We are now in the second week of the NWP Summer Institute, and interesting results have begun already. Though we have three more weeks (or so) of the SI left, I think we've leaped over a major hurdle. The first day, several Fellows expressed their anxiety and fear about writing, about teaching writing, and about sharing their writing. By the end of the first week, a perceptual shift had already begun. Many who swore they would never present found themselves in Author's Chair* at the end of the day, reading stories and reflections that were beautiful and inspiring in so many ways. In our response groups (made up of four individuals), fellows who claimed to be anxious about writing were sharing their pieces. The attitude change can really only be the result of a) being told that writing is important, b) being given time to write, c) having a friendly, receptive, and active audience, and d) hearing others talk about themselves as writers and listening to others' writing.
I find this transformation (after only one week, mind you!) fascinating. I came in assuming all the Fellows were writers who were comfortable with writing and were simply looking for a professional development that would help them build on that identity and their skills to teach writing even better. Imagine my shock when a couple of teachers expressed their anxiety about writing and about teaching writing. I found myself in a minority of Fellows who truly felt comfortable in saying "I'm a writer," and in sharing my writing with a broader audience.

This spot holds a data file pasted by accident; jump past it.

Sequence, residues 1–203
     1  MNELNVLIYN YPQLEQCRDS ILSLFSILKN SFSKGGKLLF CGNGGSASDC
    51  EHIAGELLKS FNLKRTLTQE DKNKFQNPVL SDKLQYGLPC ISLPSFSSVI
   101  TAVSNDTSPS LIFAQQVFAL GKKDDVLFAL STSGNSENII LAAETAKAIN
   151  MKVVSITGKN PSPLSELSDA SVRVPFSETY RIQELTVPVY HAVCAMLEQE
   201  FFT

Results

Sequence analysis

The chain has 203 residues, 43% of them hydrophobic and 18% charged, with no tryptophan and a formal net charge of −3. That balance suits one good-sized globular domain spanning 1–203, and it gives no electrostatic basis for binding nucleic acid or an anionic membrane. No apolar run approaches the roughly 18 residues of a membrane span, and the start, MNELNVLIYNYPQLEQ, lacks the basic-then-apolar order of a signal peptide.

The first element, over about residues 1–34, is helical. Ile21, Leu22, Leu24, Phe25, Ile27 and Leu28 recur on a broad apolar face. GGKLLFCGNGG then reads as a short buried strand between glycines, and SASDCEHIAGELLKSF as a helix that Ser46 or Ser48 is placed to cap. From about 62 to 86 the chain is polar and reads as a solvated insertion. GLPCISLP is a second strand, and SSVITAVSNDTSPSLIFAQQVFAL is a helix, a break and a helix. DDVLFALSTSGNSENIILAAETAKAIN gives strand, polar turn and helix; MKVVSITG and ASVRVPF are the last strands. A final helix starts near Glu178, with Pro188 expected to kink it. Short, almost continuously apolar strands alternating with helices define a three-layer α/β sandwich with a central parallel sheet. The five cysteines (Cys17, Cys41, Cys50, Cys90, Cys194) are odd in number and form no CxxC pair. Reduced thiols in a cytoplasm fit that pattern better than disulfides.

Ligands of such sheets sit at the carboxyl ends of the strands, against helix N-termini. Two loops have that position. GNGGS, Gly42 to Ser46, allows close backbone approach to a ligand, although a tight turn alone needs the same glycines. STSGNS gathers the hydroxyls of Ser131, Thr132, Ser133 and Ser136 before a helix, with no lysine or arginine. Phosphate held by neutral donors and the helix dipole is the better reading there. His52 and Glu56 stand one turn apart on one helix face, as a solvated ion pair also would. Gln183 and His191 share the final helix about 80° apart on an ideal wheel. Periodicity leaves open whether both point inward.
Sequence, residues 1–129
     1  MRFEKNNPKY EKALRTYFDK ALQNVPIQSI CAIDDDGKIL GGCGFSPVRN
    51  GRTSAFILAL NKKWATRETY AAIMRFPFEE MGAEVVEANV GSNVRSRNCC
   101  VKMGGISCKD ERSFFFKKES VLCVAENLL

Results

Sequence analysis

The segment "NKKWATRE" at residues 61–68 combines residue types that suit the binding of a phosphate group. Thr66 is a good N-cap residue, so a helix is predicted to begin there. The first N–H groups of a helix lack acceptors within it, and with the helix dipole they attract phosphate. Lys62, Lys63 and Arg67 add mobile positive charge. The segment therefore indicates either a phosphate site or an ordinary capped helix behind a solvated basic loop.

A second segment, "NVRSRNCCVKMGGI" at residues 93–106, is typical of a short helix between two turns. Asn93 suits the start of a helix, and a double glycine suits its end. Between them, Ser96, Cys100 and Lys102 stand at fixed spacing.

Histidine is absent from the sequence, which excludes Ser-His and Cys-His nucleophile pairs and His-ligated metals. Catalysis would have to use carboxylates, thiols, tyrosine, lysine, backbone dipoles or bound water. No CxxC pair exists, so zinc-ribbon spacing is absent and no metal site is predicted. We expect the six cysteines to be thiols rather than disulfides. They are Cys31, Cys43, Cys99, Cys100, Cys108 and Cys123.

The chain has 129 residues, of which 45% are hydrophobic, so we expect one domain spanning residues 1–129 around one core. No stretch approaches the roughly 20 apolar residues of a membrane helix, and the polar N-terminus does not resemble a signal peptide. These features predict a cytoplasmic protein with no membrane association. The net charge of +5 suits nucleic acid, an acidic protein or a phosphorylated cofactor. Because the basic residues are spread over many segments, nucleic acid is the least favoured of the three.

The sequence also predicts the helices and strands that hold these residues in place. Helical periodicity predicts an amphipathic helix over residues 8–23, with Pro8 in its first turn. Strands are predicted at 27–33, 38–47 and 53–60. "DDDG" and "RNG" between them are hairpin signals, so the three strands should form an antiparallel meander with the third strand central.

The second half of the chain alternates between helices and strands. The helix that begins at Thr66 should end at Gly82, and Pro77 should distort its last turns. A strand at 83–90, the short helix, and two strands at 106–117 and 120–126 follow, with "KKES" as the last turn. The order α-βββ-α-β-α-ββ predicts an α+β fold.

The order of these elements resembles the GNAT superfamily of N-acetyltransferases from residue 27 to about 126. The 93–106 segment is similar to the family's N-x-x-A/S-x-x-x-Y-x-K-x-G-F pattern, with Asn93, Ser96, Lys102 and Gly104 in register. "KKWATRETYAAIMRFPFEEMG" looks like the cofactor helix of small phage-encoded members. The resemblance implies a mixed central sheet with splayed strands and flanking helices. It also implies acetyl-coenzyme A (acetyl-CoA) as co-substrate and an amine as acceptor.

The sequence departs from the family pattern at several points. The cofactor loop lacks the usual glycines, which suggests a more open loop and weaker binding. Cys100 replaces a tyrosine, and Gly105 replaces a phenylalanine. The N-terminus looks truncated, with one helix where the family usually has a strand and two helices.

I think this dramatic shift speaks highly both of my fellow participants and of what the National Writing Project can do. It's exciting, and as I'm writing during Silent Sustained Writing time, I'm happy for the opportunity to be here, learning from my peers and actually spending time with pen to paper (or fingers to keys) producing words and realizing how important working daily on writing is to me.
*Author's Chair is the half hour set aside at the end of the day for the Fellows to share any piece of writing with the whole group.